The other major issue causing anxiety is the protracted conflict in Ukraine which shows no signs of ending despite the lapse of nearly 100 days. This delay is making China's position increasingly difficult. Xi's unwillingness to modulate his support has raised serious concern within the CCP that sanctions against China are imminent. At least 300 million CCP members will be adversely impacted in case sanctions are imposed. 70 percent of CCP cadres at the level of Department head or above across China have children studying in the US and West and have large sums of ‘illegal’ wealth secreted abroad. Chinese citizens too have gotten used to the presence of leading multinational consumer and other outlets and if they withdraw China will be hit by the economic fallout and, psychologically too, the citizens will begin to question their country’s economic might. This will get accentuated as, in the wake of the Covid pandemic, lessons learnt and the surge globally in anti-China sentiment, the U.S. and West begin to restrict access to their markets.

Despite the personal risk, Chinese citizens including academics and CCP cadres have criticised China’s support for Putin and Russia’s invasion of Ukraine. Indicating that such criticism is widespread and causing Xi a lot of anxiety, are the spate of “political education” campaigns across China and the numerous articles in Party publications like Qiu Shi (Seeking Truth), People’s Daily and Guangming Daily on ‘historical nihilism’, the contributions to China at this difficult time of the CCP with Xi at the “core of the leadership”, ‘common prosperity’ etc. Security and surveillance controls have been elevated and China's official media, which severely criticises the US almost every day, refers frequently to the threat from "colour revolutions". This last was asserted also in the Xi-Putin Joint Statement of February 4. The majority of posts on China’s social media, though, continue to support the government, Putin and Russia and demonise the US and West.

Two recent developments suggest this anxiety bordering on apparent paranoia is affecting the Party leadership. One is the directive to all danwei, or work units, to return their computers and peripherals by May 1 and replace them with domestic ones to obviate the possibility of foreign hacking or cyber snooping. The second is the subtle, but unmistakable, warning to Chinese citizens in the People's Daily of May 3. It publicised that a Chinese citizen had been charged on suspicion of “inciting secession and subversion of state power”! It accused him of being "brainwashed" by foreign anti-China hostile forces online, acting as a domestic agent of foreign hostile forces and being “incited to split the country” etc. Stating that his activities had caused “serious harm to China's national security and social stability”, the People’s Daily declared “Anyone who attempts to harm the interests of national development, endanger national security, or betray the motherland and nation will be severely punished by the law".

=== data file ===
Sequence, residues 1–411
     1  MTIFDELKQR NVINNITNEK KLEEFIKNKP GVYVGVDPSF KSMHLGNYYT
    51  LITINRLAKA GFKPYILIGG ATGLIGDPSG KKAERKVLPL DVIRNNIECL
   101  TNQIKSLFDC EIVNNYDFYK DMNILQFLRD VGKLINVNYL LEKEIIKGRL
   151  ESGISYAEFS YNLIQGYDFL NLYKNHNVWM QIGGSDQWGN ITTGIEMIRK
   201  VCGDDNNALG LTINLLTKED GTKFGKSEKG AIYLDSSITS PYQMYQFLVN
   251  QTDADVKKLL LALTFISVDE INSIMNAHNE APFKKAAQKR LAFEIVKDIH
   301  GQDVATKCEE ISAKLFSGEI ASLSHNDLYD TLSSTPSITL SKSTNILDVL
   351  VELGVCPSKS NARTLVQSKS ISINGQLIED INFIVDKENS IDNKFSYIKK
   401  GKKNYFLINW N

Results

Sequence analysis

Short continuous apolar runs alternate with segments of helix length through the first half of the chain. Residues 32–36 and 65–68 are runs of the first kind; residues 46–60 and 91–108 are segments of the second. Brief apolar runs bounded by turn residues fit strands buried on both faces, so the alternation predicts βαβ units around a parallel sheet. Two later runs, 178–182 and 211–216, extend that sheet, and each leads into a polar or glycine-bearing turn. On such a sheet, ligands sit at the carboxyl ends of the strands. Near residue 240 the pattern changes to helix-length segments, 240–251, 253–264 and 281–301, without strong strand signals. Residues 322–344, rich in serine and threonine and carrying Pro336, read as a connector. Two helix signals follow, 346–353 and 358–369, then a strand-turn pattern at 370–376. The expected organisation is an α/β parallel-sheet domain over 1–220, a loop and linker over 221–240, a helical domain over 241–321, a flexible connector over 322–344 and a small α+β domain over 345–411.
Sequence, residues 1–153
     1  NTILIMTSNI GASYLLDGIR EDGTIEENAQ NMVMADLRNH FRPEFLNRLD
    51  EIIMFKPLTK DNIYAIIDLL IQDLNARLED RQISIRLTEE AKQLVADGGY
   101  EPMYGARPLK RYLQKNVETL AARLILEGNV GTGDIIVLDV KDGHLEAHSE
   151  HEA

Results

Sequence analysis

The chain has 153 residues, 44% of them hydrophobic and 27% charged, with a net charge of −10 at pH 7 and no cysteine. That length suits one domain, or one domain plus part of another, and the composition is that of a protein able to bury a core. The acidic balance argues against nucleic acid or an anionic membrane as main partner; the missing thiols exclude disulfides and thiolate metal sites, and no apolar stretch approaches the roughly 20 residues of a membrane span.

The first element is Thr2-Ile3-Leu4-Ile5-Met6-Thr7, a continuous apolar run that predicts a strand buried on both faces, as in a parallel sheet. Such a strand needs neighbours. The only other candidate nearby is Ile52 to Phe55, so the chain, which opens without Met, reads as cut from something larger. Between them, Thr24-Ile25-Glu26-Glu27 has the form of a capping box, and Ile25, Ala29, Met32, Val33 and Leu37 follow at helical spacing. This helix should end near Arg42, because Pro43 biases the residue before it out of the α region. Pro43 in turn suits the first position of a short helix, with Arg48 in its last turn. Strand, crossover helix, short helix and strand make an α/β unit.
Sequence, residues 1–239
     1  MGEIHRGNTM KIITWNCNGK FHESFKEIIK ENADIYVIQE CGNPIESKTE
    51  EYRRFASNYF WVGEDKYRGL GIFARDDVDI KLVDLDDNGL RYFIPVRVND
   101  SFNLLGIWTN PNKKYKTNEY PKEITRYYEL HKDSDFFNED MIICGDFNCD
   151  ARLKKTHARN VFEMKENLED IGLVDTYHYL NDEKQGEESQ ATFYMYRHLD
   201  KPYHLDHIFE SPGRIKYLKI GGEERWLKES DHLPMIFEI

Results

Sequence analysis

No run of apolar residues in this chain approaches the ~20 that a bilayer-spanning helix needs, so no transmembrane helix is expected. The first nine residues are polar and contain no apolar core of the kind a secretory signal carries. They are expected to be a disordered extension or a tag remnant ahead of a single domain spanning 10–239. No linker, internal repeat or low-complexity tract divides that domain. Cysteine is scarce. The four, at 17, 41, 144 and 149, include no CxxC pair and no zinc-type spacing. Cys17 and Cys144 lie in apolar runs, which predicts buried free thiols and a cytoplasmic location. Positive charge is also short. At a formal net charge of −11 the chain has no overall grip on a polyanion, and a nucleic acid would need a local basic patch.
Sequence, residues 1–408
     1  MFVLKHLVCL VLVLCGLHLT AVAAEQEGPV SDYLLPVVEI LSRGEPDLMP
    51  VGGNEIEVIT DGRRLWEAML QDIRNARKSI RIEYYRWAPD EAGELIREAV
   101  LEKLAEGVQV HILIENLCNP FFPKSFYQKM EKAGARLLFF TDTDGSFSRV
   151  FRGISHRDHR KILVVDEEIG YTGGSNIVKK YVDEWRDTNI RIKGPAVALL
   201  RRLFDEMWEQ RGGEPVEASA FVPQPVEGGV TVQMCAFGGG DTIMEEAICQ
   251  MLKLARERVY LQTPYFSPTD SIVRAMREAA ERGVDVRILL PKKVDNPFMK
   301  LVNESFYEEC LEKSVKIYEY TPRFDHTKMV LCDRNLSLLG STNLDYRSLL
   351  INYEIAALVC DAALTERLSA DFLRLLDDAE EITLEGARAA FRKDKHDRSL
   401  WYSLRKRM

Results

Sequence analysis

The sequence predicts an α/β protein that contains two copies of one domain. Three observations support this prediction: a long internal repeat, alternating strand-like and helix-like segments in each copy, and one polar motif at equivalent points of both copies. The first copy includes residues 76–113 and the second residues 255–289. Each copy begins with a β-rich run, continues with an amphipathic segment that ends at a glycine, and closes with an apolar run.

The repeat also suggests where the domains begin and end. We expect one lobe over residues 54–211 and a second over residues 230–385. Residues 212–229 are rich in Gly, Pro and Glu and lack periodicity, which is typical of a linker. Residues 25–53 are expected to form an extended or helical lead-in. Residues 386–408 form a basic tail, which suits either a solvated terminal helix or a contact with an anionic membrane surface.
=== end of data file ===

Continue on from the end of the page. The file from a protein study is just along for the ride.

Additionally, at least three major articles strongly endorsing Xi’s policy on Putin and Russia and listing the benefits of the conflict to China were published recently. One was by the Head of the Sichuan Branch of People’s Daily, the other by a senior researcher of the PLA-affiliated Kunlun Institute and third by well-known Chinese International Relations academic Yan Xuetong. This has been accompanied by a noticeable effort by most provincial Chiefs to endorse and praise Xi’s policies.

Obviously with an eye to career advancement at the 20th Party Congress, there has been a noticeable spurt in political activity in provinces like Chongqing where Politburo member and Party Secretary Chen Min’er eyes a position in the Politburo Standing Committee (PBSC), Tianjin where Party Secretary Li Hongzhong is expecting elevation to the PBSC, and Hunan where the incumbent Party Secretary Zhang Qingwei has been in the Central Committee for four terms and would expect to be promoted to the Politburo. Other provinces like Beijing, Guangxi, Guizhou, Jiangsu and Jiangxi have also been quick to emphasise ‘loyalty’ and ‘political reliability’ and support Xi’s policies and programmes.

However, the article by Lin Zhibo, head of the Sichuan Branch of People’s Daily, contained an interesting sentence which could have alluded to Xi. Enumerating Russia’s failures in the war in Ukraine, it said: “the information he (Putin) can receive is inevitably one-sided. This kind of information cocoon room is unfavourable for strategic decision-making and even dangerous”.

Dissatisfaction with Xi, noticed since 2017, increased appreciably in 2019-2020. Successful billionaire entrepreneurs signed a letter addressed to Xi asking him to step down and the ‘princelings’, who normally keep a low profile, posted a letter on social media calling on Xi to quit and suggesting a couple of Politburo Standing Committee members as replacements. This has not dissipated and the rising discontent amid rumours of factional infighting in the CCP just prior to the 20th Party Congress, will cause Xi a lot of anxiety.

If he is unable to control the situation or if conditions worsen and he feels boxed in (by the Indo-Pacific strategy, Quad and AUKUS), Xi could well opt to bolster his domestic image as a ‘strong’ leader and order a military operation against one of Taiwan’s outlying islands, or the South China Sea or India. In the first two cases Xi runs the risk of U.S. intervention. With India there is no such risk, but China has lost the element of surprise and will this time face a strong military riposte. The remaining months are ones of high risk for all China’s neighbours.

(The paper is the author’s individual scholastic articulation. The author certifies that the article/paper is original in content, unpublished and it has not been submitted for publication/web upload elsewhere, and that the facts and figures quoted are duly referenced, as needed, and are believed to be correct). (The paper does not necessarily represent the organisational stance... More >>


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Excellent analysis by Ranade.